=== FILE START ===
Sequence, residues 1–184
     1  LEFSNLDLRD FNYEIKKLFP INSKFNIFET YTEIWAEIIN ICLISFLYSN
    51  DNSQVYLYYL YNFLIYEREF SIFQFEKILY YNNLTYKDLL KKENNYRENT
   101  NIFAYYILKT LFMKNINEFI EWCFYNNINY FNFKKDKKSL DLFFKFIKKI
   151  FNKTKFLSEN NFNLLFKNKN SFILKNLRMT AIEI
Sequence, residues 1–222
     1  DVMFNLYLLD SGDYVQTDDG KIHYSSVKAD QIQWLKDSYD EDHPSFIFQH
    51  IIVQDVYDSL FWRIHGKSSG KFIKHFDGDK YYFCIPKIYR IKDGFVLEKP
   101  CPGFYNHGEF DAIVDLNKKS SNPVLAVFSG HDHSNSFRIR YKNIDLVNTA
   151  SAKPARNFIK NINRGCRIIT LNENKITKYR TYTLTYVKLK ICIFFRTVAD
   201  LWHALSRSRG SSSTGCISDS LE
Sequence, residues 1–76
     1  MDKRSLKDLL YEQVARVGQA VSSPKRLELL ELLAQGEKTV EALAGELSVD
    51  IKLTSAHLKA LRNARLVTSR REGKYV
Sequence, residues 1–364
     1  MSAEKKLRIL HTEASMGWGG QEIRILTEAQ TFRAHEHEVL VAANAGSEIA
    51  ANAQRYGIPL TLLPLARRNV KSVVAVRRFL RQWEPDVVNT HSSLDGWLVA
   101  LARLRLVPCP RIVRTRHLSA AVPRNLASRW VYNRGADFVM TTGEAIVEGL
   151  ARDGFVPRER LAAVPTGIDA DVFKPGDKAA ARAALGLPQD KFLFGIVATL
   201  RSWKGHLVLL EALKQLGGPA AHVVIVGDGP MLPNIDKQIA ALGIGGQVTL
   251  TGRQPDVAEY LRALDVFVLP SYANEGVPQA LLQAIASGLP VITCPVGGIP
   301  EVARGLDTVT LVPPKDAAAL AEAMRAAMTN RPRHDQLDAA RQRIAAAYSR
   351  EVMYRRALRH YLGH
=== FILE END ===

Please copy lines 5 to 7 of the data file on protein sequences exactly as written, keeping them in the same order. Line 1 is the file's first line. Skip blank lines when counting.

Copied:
   151  FNKTKFLSEN NFNLLFKNKN SFILKNLRMT AIEI
Sequence, residues 1–222
     1  DVMFNLYLLD SGDYVQTDDG KIHYSSVKAD QIQWLKDSYD EDHPSFIFQH